Germany

Concocted In Russia, New Designer Drug “Krokodil” Has A Deadly Bite

Officials believe the drug, which is a mix that includes codeine and paint thinner, has arrived in Germany. Sold as a heroin substitute, "Krokodil" users only realize much later that they have consumed a substance that results in extreme

Concocted In Russia, New Designer Drug “Krokodil” Has A Deadly Bite

Worldcrunch *NEWSBITES

Codeine, benzine, paint thinner, hydrochloric acid and red phosphorus – that's what goes into "Krokodil," a drug that originated in Russia and is believed to have now hit Western Europe. In Germany, workers in drug cafés have reported seeing "disastrous skin conditions and damage to soft tissue" among Krokodil users.

Police in Frankfurt and Bochum have so far been unable to confirm the presence of the drug, but experts say that the physical reactions observed in certain addicts indicate that they are caused by the drug.

Many users don't know what is in the drug, the effects of which make crystal meth look benign by comparison. In Russia, cough medicine and headache medication containing codeine can be bought without a prescription, allowing addicts to mix the drug cocktail themselves.

The name crocodile is believed to be derived from the infections around the injection areas where the skin turns green and dies. The scaly green condition spreads to the rest of the body and the toxic drug also effects bone tissue, eating away at users from the inside. Amputations are sometimes necessary, but users usually don't live for more than two to three years after starting to use this highly addictive drug.

Use of the drug is growing in Russia because it is cheap: one dose costs about 5 euros (as opposed to 50 euros for heroin), but the resulting euphoria is similar to that experienced by heroin users. Many heroin addicts who can no longer afford that drug switch over to "Krokodil," even though the effects last for less than two hours.

Experts believe that since codeine is not available without a prescription in German pharmacies, the drug is made in Russia, transported along the usual drug routes – Warsaw, Berlin, Hanover – to the rest of Germany, and sold as heroin to users.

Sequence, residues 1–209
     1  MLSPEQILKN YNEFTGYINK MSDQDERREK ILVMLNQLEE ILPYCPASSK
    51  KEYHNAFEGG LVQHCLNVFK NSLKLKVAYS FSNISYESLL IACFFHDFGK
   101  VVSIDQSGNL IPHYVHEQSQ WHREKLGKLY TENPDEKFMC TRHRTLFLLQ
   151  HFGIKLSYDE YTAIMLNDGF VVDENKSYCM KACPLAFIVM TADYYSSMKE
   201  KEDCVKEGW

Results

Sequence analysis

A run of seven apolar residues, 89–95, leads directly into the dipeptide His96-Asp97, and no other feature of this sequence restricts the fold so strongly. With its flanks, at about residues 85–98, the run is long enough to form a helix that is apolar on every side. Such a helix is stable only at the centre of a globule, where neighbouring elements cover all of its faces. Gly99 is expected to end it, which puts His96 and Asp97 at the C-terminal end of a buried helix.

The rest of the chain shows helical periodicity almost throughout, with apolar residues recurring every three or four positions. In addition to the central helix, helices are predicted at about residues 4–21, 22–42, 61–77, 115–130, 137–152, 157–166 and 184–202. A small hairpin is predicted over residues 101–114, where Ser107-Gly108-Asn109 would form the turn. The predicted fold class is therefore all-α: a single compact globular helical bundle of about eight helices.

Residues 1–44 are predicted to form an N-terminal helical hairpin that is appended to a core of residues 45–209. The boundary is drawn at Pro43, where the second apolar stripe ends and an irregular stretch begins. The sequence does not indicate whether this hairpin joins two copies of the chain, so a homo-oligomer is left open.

Since the immediate effects of "Krokodil" are similar to those of heroin, users may have to use it for two or three weeks before becoming aware of the dangerous side-effects and thus realzing that what they were sold was something other than heroin.

Read the full original article in German by Julia Gleixner

Photo - CrashTestAddict

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Society

How The Top Collector Of Chinese Art Evades Censors In New Hong Kong Museum

Swiss businessman Uli Sigg is the most important collector of Chinese contemporary art. In 2012, he gave away most of his collection to the M+ in Hong Kong. Now the museum has opened as the Communist Party is cracking down hard on freedom of expression. So how do you run a museum in the face of widespread censorship from Beijing?

''Rouge 1992'' by Li Shan at the M+ museum

Maximilian Kalkhof

The first test has been passed, Uli Sigg thinks. So far, everything has gone well. His new exhibition has opened, visitors like to come, and — this is the most important thing for the Swiss businessman — everything is on display. He has not had to take an exhibit off the list of works.

The M+ in Hong Kong is a new museum that wants to compete with the established ones. It wants to surpass the MoMa in New York and Centre Pompidou in Paris. Sigg, a rather down-to-earth man, says: “There is no better museum in the whole world.” That is very much self-praise, since Sigg’s own collection is central to the museum.

The only problem is: great art is often political; it questions the rulers. Since the Chinese Communist Party has been cracking down on critics and freedom in Hong Kong, the metropolis is a bad place for politics and art. So how did the collection get there?

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